Pure and Impure Substances
Substance is a matter which is associated with a set of definite properties and composition. Every pure compound and element is a substance. Substances are the materials composed of atoms and molecules. Every substance is recognized by a specific weight and volume. It cannot be segregated into other different types of matter by performing any physical process.
- Metals, non-metals
Pure substances are composed of a single or atomic type of particles. They possess a constant structure. Pure substances can be further categorized into elements and compounds respectively:
An element is considered to be a pure substance consisting of singular type of atoms. It can neither be broken down nor transformed into new substances by any kind of processes, be physical or chemical process. Elements are mostly categorized into metals, non-metals or metalloids. For instance, gold and silver are elements.
A compound is a pure substance where two or more elements are combined using chemical means in a fixed defined ratio. These substances can be broken down and transformed into new substances by chemical methods. For instance, carbon dioxide.
Properties of pure substances
Pure substances have the following properties:
- Almost all are homogeneous in nature.
- Possess fixed melting and boiling points.
- Uniform composition.
- Baking Soda
Impure substances, also termed as mixtures are composed of atoms or molecules belonging to different types. They do not possess constant or fixed structure throughout. Impure substances can be converted to pure ones by using different separation techniques. For instance, a mixture of naphthalene balls and common salt can be separated by performing sublimation. Sublimation results in the extraction of common salt, since the moth balls directly pass into the vapour state.
Mixtures can be categorized into homogeneous and heterogeneous mixtures. Homogeneous mixtures have a uniform composition throughout the volume of the substance whereas the heterogeneous mixture contains a varying composition.
Properties of Impure Substances
Impure substances have the following properties :
- The properties of the resulting mixture is an average of the properties of the constituents.
- Formed as a result of physical change.
- May be either homogeneous or heterogeneous.
- Substances have a variable composition.
- Muddy water
- Sand in water
- Salt in water
- Vegetable soup
Differences between Pure and Impure Substances
|Made of a single element or compound||Several elements & compounds together form an impure substance.|
|They are categorised into solid, liquid, gases.||Categorised as Heterogeneous and homogeneous.|
|Physical properties are constant.||Physical properties are varying.|
|Purity is 100%||Purity is less than 100%.|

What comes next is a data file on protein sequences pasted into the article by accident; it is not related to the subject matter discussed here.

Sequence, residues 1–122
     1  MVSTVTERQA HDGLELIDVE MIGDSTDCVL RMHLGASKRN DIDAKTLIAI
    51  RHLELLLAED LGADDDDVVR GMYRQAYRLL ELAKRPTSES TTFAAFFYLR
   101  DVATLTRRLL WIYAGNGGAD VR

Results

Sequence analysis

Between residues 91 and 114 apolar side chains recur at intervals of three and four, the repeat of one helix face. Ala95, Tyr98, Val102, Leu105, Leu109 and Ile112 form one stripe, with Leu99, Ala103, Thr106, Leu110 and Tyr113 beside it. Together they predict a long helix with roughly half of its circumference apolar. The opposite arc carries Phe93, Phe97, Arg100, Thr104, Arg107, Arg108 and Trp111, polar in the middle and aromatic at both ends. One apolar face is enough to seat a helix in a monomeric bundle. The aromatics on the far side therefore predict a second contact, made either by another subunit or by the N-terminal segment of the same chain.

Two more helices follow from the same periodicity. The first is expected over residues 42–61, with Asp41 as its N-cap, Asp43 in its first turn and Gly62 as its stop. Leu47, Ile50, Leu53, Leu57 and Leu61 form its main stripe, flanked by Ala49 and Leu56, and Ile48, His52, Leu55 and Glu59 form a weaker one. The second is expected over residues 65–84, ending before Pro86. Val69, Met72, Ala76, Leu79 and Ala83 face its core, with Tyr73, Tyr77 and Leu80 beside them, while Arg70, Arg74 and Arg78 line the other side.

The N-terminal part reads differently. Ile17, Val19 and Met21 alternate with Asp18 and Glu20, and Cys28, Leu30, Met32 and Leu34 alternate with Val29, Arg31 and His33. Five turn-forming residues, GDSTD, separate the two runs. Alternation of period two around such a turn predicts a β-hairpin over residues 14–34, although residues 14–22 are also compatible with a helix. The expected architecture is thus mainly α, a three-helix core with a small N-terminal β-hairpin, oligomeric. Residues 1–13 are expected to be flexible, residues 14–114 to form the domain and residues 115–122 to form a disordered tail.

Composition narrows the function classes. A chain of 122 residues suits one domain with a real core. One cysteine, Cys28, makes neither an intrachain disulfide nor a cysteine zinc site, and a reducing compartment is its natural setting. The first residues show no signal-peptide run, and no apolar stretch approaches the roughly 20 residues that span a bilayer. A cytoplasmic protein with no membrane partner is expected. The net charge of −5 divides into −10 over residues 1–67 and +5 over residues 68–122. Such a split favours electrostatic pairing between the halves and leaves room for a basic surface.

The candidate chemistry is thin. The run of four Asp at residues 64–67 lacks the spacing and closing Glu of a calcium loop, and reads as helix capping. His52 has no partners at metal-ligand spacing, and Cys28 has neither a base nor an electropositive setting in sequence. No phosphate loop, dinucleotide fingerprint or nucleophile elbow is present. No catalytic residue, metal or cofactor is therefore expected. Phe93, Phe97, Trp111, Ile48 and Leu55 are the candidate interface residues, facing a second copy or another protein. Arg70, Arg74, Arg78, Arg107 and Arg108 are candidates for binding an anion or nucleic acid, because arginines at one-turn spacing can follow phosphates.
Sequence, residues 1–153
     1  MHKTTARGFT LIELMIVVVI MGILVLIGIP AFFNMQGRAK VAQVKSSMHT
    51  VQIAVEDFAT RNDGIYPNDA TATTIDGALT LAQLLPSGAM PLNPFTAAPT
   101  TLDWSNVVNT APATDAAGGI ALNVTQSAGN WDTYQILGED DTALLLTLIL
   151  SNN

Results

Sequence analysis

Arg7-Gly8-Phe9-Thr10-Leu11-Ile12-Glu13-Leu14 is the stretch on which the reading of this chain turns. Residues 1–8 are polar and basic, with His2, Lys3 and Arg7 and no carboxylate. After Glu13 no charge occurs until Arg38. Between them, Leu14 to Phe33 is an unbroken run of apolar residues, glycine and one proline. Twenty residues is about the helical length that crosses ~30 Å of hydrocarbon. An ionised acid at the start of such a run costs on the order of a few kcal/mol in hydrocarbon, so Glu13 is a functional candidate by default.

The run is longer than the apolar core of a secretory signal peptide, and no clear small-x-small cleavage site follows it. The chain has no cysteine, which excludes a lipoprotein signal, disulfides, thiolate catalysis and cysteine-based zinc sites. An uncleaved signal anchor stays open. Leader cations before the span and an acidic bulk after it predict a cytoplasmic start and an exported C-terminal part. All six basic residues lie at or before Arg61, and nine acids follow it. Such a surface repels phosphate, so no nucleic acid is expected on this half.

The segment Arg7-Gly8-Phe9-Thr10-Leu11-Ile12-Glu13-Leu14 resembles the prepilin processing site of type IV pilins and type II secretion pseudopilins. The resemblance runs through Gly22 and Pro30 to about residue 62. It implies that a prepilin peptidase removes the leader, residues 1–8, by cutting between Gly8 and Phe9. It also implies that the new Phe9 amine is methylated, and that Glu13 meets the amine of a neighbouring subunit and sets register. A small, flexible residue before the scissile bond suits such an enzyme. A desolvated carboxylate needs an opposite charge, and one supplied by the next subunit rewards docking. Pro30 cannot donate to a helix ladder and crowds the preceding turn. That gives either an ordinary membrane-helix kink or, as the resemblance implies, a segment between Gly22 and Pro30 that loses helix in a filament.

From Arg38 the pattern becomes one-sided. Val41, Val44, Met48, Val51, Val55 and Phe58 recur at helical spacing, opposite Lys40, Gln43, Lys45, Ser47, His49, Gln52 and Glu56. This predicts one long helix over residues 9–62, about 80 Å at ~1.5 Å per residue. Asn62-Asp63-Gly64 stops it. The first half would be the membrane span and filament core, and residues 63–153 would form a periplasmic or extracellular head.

|Chemical properties are constant.||Chemical properties are varying.|
|Example: Gold, pure water, hydrogen gas||Example: Oil & water, sand & sugar|
Question 1: Why is pure oxygen gas termed as an element?
The pure oxygen gas belongs to the category of element, though it consists of molecules. This is because the molecules forming the gas all belong to a single type of element, whereas compounds are composed of one or more different types of elements.
Question 2: Define metals giving examples.
Metals belong to the category of elements which are identified by various properties lustre, ductile ,malleable and are mostly good conductor of heat and electricity. Example – iron, manganese.
Question 3: Differentiate between homogeneous and heterogeneous mixtures.
|Uniform composition throughout the mixture||Non-Uniform composition throughout the mixture|
|Components are not visible to the naked eye.||Components are visible to the naked eye.|
|The entire mixture is in the same phase.||The entire mixture is not in the same phase.|
|Particle size is estimated at atomic or molecular level||Large particle sizes.|
|Components cannot be easily segregated.||Components can be easily segregated.|
Question 4: Why is salt water not considered as a substance?
Different samples of salt water may contain different quantities of salt in the water used. Therefore, different samples don’t have a uniform chemical composition throughout.
Question 5: Can fresh orange juice be considered pure substance?
Orange juice may contain pulp, which acts as a solute in this case, and liquid. It doesn’t have a uniform chemical composition throughout, therefore, it is not considered to be a pure substance.
Question 6: How can we recognise pure substances?
If we can write a chemical formula for the substance being provided then it is a pure substance. For example : aluminium oxide.
Question 7: Give an example of impure substance from daily life.
Ghee is an impure substance, composed of various constituents like amino acids and fatty acids and salts.